Tuesday, December 15, 2009

Imagining Disaster

Recent releases such as WALL-E (2008), Terminator Salvation (2009), and 9 (2009) reveal that the imagination of disaster is a robust motion picture genre, as popular now as it was during the decades of the Cold War. Stories about the catastrophic end of civilization are ancient, of course. I was about to say that animated films such as Pixar’s WALL-E and the Tim Burton-(co)produced 9 reveal that post-apocalyptic stories are now being made for kids, but it occurred to me that outside of a few exceptions, they always have been. When I was a kid, books such as Robert A. Heinlein’s Farnham’s Freehold (1964) transformed nuclear disaster into a big, exciting adventure story, in effect allaying any fears I might have about a nuclear war. (I was one of those kids you have seen in those old civil defense films sliding off his desk chair onto the floor and covering his head with his hands, playing “duck and cover.”) No doubt this is what Susan Sontag meant, in her 1965 essay “The Imagination of Disaster,“ that fantasy serves to “normalize what is psychologically unbearable, thereby inuring us to it.” She said science fiction disaster films are a kind of “collective nightmare” that “reflect world-wide anxieties” but also “serve to allay them. They inculcate a strange apathy concerning the processes of radiation, contamination, and destruction that I for one find haunting and depressing. The naïve level of the films neatly tempers the sense of otherness, of alienness, with the grossly familiar.” They are, finally, “in complicity with the abhorrent.”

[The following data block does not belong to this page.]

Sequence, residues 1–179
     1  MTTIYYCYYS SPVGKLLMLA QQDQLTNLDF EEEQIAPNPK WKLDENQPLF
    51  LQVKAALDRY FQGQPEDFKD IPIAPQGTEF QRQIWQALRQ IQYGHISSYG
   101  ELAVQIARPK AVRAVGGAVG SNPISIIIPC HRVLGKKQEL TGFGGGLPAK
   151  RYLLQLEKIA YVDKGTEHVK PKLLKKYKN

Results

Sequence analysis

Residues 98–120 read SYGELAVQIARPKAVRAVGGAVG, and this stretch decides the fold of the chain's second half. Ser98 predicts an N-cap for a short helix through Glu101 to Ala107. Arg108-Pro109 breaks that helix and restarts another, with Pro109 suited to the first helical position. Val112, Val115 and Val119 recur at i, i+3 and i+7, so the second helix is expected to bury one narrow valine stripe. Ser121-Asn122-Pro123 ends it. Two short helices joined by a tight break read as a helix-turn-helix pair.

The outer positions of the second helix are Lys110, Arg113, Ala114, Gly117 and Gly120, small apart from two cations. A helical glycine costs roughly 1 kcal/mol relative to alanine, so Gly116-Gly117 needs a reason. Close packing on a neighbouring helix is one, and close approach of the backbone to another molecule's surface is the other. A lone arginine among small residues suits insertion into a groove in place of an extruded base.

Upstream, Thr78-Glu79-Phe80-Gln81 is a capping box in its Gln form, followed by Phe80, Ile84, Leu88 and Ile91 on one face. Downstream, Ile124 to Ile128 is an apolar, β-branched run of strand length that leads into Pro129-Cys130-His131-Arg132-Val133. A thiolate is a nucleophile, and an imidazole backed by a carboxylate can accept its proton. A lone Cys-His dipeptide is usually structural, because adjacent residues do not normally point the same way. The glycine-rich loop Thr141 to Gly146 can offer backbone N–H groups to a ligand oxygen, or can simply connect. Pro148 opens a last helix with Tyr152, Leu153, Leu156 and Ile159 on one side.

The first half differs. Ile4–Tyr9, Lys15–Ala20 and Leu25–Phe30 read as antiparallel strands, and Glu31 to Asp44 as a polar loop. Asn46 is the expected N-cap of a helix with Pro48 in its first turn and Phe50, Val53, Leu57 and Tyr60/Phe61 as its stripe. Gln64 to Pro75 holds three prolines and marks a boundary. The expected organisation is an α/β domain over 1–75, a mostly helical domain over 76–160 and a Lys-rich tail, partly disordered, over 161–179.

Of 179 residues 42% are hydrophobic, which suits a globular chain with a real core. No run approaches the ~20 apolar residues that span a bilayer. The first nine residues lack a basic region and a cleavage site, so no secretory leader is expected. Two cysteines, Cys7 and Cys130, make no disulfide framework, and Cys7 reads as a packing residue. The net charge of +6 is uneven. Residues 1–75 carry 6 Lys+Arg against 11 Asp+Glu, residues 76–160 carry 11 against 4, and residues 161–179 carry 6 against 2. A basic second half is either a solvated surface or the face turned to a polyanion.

While I think the vast majority of Sontag’s points are still valid, she wrote the essay 45 years ago, a couple of years after the so-called “Cuban Missile Crisis” (October 1962) and decades before 9-11. What the events of that latter event reveal is the relationship between a catastrophic historical event and the subsequent instability of the so-called “metaphysical realm,” the way one’s “world view” is supported and enabled by one’s daily existence. Put in another way, the world looks vastly different depending on which way the gun is pointed. As long as the gun is pointed in the right direction, one’s life is both content and perhaps even banal - “routine.” But once the gun is pointed in the wrong direction, though, the beauty and stability of the world is no longer assured, and complacency is impossible. Do the post-apocalyptic films released since 9-11 reflect this fear? As David Byrne sings in “Life During Wartime,”

This ain’t no party
This ain’t no disco
This ain’t no fooling around

13 Songs About (Mostly Nuclear) Apocalypse:
Black Sabbath – Electric Funeral
The Clash – London Calling
Bob Dylan – A Hard Rain’s A-Gonna Fall
Donald Fagen – New Frontier
Jimi Hendrix – 1983... (A Merman I Should Turn to Be)
Jefferson Airplane – Wooden Ships
King Crimson – Epitaph (including "March For No Reason" and "Tomorrow and Tomorrow")
Barry McGuire – Eve of Destruction
Men At Work – It’s A Mistake
Nena – 99 Luftballons
Orchestral Manoeuvres in the Dark – Enola Gay
Rush – Distant Early Warning
Talking Heads – Life During Wartime

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